Frost's homestead was exempted from the estate—when the rest of his assets were not—by virtue of its character as a homestead. As in Zibman, this “essential element of the exemption must continue in effect even during the pendency of the bankruptcy.” Id. Once Frost sold his homestead, the essential character of the homestead changed from “homestead” to “proceeds,” placing it under section 41.001(c)'s six month exemption.1 Because he did not reinvest those proceeds within that time period, they are removed from the protection of Texas bankruptcy law and no longer exempt from the estate.
Frost argues that Zibman is distinguishable because it concerned proceeds obtained prior to filing bankruptcy, whereas he sold his homestead after petitioning for bankruptcy, at a time when the homestead had already been declared exempt from the estate. He argues: (i) that § 522(c) protects “property exempted under this section” both “during and after” the bankruptcy, and (ii) that while the proceeds in Zibman were already temporarily exempted at the time of filing, the homestead was a permanent exemption and placed forever outside the estate.
This temporal distinction is insufficient to escape the holding of Zibman. The court's insistence that an “essential element of the exemption must continue in effect even during the pendency of the bankruptcy case” indicates that a change in the character of the property that eliminates an element required for the exemption voids the exemption, even if the bankruptcy proceedings have already begun.2 Under this court's precedent, (i) the sale of the homestead voided the homestead exemption and (ii) the failure to reinvest the proceeds within six months voided the proceeds exemption, regardless of whether the sale occurred pre- or post-petition.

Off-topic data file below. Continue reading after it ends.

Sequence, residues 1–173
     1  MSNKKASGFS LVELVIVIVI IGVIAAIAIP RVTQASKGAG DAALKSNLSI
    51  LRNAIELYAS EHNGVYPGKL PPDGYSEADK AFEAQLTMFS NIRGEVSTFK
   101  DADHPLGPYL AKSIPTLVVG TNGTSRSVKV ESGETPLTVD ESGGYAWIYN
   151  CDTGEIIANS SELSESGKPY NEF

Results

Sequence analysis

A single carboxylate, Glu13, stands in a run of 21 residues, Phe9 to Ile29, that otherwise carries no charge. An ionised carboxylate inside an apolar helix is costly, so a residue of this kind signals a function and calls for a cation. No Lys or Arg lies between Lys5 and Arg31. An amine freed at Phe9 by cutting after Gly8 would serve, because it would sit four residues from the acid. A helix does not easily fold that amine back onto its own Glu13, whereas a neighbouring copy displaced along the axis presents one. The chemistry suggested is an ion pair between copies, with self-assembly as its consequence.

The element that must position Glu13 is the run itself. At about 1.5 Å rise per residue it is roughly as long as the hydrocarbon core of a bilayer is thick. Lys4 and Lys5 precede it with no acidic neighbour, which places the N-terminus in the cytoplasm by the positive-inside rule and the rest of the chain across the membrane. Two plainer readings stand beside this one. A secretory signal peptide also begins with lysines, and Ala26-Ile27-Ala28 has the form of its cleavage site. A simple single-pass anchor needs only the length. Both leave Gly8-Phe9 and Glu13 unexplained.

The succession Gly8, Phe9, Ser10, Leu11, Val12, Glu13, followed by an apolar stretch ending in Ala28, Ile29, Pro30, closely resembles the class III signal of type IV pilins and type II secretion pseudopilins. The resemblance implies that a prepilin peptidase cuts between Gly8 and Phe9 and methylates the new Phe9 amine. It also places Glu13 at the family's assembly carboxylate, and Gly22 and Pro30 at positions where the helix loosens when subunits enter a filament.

This interpretation of § 522(c) is in accordance with Texas law and the decisions of this court. In In re England, this court noted that “[t]he object of the proceeds exemption statute was solely to allow the claimant to invest the proceeds in another homestead, not to protect the proceeds, in and of themselves.” 975 F.2d 1168, 1174–75 (5th Cir.1992). It further stated that it is “[o]nly during the six months following the sale of a homestead when a claimant has not acquired another homestead do claimants have any protected rights in homestead sale proceeds.” Id. at 1174 (emphasis added). Once a new homestead is purchased—even if the six month exemption has not expired—any surplus proceeds from the sale lose their exempt status and can be used to satisfy claims of the estate. Id.; In re Davis, 170 F.3d 475, 483 n. 10 (5th Cir .1999) (en banc) (“Even during this six month window, if the debtor purchases a new homestead any remaining proceeds from the sale of the first homestead are instantly rendered non-exempt.”). This is because once a new homestead has been purchased, the funds become proceeds from the sale of a former homestead, which fall outside the protection of the Texas statue. If exempted funds can lose their statutorily-mandated exempt status within the six month window because they are transformed into proceeds of a former homestead, then so too can a homestead lose its exemption when it becomes a “former homestead” or “homestead proceeds.”